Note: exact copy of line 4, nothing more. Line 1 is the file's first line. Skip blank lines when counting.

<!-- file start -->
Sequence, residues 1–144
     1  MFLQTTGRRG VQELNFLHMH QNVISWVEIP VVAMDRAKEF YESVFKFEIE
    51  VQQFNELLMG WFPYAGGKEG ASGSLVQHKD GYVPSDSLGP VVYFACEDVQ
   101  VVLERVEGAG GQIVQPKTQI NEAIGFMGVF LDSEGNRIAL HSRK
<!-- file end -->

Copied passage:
   101  VVLERVEGAG GQIVQPKTQI NEAIGFMGVF LDSEGNRIAL HSRK